National Anthem: Luke Gilford documents America’s queer rodeo subculture

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Gilford’s latest exhibition captures the love and resilience of a community that provides a safe space from the white patriarchal norms of the mainstream rodeo

Luke Gilford spent his childhood in the rodeo. His father was a champion and judge in the Professional Rodeo Cowboys Association, and they would travel all over southwest America for competitions. But as he got older, Gilford began to recognise the misogyny and racism that was rife in these spaces, and as a queer person, he never felt like he belonged.

In 2016, he discovered the International Gay Rodeo Association (IGRA). It was “like uncovering a shining beacon of hope,” he says. Founded in 1985, the organisation provides a space for all competitors – regardless of sexual and gender identity – to compete without discrimination.

On show until 28 August at New York’s SN37 Gallery, Gilford’s latest show National Anthem presents over five years of documentation of LGBTQ+ cowboy and cowgirl communities in North America. Warm and tender, the huge portraits hang proudly across two floors of the gallery, refusing the neglect and dismissal that many of Gilford participants may have experienced. 

Here, Gilford tells us about his connection to the rodeo, and why this community is so important to him. 

How much was rodeo culture a part of your life growing up?  

My earliest memory is actually at the rodeo with my father. I was born in Colorado, and my dad was a champion, and later a judge, in the Professional Rodeo Cowboys Association. 

I vividly remember his giant silver belt buckle, his snakeskin boots, and the majestic horses in golden light, illuminating his rides. There’s an indelible magnetism to the rodeo – it brings the mythological side of America out into the open air.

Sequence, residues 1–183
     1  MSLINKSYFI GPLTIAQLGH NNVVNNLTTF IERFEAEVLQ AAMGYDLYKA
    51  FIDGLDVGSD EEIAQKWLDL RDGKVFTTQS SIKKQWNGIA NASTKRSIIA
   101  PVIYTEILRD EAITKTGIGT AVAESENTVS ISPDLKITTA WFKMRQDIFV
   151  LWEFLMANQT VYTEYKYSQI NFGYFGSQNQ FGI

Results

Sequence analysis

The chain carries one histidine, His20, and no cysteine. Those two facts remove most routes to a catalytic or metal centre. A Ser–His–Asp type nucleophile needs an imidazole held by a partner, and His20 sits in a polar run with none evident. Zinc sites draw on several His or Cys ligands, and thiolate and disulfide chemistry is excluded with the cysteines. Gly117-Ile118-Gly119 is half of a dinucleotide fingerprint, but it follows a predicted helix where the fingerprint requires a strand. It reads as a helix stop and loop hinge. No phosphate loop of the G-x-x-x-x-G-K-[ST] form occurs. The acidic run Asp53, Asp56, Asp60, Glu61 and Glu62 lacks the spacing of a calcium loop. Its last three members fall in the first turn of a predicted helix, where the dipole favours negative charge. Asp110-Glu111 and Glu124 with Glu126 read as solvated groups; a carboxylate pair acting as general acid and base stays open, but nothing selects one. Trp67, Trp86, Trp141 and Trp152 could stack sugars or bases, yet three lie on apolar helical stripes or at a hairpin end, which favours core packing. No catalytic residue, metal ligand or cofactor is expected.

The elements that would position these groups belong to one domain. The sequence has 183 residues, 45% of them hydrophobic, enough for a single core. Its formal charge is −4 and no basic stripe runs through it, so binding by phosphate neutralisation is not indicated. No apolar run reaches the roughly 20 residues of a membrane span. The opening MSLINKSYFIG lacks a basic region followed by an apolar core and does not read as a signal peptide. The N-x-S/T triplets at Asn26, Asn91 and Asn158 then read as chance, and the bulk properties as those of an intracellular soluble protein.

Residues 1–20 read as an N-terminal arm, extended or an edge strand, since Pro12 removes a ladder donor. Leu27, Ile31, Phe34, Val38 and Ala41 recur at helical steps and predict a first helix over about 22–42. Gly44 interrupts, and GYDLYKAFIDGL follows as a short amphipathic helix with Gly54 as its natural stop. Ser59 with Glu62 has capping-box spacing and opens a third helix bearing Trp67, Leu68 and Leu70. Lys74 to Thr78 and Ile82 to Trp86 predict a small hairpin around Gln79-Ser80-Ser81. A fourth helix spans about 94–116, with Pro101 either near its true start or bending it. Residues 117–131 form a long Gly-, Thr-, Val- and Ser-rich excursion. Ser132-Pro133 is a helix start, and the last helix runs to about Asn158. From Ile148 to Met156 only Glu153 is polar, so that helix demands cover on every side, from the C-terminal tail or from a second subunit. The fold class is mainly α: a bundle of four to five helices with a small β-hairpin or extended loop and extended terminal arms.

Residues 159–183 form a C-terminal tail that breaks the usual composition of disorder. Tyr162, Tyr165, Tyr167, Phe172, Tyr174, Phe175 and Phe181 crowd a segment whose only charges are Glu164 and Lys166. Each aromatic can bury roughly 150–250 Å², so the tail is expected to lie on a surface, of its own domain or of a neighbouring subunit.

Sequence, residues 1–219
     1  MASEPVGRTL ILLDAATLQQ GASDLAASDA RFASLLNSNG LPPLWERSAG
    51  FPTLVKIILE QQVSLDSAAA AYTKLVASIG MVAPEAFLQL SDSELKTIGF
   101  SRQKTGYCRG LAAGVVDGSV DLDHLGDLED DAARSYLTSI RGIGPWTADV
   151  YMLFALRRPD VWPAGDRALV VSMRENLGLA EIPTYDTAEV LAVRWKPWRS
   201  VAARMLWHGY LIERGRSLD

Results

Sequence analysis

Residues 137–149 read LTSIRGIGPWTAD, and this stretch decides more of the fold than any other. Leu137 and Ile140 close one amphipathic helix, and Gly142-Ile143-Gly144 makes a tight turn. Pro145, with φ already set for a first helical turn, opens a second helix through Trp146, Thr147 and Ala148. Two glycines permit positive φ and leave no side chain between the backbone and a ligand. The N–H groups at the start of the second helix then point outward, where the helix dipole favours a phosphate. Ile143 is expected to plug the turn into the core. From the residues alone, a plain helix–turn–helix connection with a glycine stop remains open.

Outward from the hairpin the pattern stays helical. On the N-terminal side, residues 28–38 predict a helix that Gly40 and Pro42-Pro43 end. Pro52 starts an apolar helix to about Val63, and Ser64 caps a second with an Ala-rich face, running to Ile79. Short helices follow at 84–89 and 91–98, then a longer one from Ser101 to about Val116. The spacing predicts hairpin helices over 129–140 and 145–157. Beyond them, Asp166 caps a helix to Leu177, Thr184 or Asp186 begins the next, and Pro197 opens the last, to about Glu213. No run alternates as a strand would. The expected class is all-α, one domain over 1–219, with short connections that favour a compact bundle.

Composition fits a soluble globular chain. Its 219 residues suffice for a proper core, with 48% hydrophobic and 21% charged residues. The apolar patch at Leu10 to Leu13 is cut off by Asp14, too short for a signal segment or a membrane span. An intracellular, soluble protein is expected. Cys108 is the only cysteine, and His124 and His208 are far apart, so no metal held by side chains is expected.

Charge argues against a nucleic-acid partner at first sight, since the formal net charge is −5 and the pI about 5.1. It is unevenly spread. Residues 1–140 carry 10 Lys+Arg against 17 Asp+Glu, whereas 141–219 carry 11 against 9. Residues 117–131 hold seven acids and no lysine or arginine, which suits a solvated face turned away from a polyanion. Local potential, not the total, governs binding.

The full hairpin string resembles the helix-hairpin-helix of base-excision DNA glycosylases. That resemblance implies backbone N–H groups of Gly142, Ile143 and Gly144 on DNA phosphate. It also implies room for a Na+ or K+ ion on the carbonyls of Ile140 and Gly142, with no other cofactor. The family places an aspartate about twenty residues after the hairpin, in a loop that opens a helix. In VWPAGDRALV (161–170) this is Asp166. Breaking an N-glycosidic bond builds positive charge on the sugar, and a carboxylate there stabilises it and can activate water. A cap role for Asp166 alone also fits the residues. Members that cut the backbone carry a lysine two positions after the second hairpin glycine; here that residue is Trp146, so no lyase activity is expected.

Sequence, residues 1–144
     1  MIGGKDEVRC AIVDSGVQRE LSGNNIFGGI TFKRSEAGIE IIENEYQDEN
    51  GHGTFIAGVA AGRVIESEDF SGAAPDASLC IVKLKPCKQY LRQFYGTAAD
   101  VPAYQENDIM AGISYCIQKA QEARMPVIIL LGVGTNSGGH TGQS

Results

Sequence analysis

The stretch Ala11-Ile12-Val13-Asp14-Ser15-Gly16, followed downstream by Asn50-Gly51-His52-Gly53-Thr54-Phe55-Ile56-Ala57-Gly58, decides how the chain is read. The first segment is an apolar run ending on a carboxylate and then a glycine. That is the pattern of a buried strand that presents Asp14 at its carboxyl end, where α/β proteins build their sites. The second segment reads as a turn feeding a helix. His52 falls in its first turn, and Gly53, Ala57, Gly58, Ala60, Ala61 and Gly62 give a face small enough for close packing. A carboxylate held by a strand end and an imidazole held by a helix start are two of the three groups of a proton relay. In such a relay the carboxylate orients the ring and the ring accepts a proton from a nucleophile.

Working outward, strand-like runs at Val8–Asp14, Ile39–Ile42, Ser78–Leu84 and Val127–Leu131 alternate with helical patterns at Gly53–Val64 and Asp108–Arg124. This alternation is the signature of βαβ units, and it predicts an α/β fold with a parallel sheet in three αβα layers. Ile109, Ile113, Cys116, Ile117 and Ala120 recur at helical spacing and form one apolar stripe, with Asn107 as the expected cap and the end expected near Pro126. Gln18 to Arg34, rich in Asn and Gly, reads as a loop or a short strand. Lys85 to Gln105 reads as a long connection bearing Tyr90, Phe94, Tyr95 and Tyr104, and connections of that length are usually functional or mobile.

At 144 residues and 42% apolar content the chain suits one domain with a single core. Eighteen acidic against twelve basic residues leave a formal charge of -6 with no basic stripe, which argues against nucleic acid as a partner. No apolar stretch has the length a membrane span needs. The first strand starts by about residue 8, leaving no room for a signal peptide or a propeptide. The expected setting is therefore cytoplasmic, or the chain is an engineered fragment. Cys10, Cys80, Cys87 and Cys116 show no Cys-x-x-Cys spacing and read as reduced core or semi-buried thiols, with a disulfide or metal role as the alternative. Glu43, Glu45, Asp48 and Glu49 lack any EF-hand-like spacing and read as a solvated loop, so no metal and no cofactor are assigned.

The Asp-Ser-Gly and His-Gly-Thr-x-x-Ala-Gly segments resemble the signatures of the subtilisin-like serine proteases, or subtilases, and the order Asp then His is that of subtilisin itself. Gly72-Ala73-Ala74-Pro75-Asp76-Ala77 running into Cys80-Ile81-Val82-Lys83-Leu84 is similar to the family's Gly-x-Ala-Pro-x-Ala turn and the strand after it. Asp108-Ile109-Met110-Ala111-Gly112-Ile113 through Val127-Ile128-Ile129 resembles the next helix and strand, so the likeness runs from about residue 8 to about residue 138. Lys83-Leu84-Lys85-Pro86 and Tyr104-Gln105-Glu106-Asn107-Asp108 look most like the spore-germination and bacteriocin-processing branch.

We would travel all over the Southwest for my father’s rodeos –  the pastel geographies, sounds and smells of animals, hairspray, denim and dirt are very much a part of my memories growing up.

© Luke Gilford.
© Luke Gilford.

Traditionally, the rodeo seems like a very masculine space – would you agree with that? From your experience do people face discrimination if they don’t fit into that mould? 

As I grew older I became aware of just how misogynistic and racist the mainstream rodeo can be. Rural America, as an ideal, is by and large a patriarchal, Christian, and white domain – still hostile to anything that is not that. 

Nature and rural life – which is not inherently exclusive, but open –can get caught up in that fixated identity. The mainstream rodeo still upholds a lot of those outdated and dangerous ideals. As I discovered my own queer identity, I naturally drifted away from that world. 

© Luke Gilford.

When and how did you discover the International Gay Rodeo Association (IGRA)? What did this discovery mean to you personally? 

In 2016 I was at an event outside of San Francisco and met some queer cowboys. They told me about an entire subculture within the rodeo circuit, known as the IGRA. 

Discovering the IGRA felt like uncovering a shining beacon of hope. The IGRA gives the LGBTQ+ community a unique opportunity to connect with other queer people, including BIPOC who are typically unwelcome in the almost exclusively Caucasian mainstream rodeo circuit. The queer rodeo is a safe space for anyone on the LGBTQ+ spectrum, including allies and supporters.


What five words would you use to describe what you wanted to depict about this community?

Resilience, Warmth, Empathy, Dignity, and Love.

National Anthem by Luke Gilford is on display at SN37 Gallery until 28 August 2022.

Marigold Warner

Online Editor

Marigold Warner joined the British Journal Photography in April 2018, and currently holds the position of Online Editor. She studied English Literature and History of Art at the University of Leeds, followed by an MA in Magazine Journalism from City, University of London. Her work has been published by titles including the Telegraph Magazine, Huck, Gal-dem, Disegno, and the Architects Journal.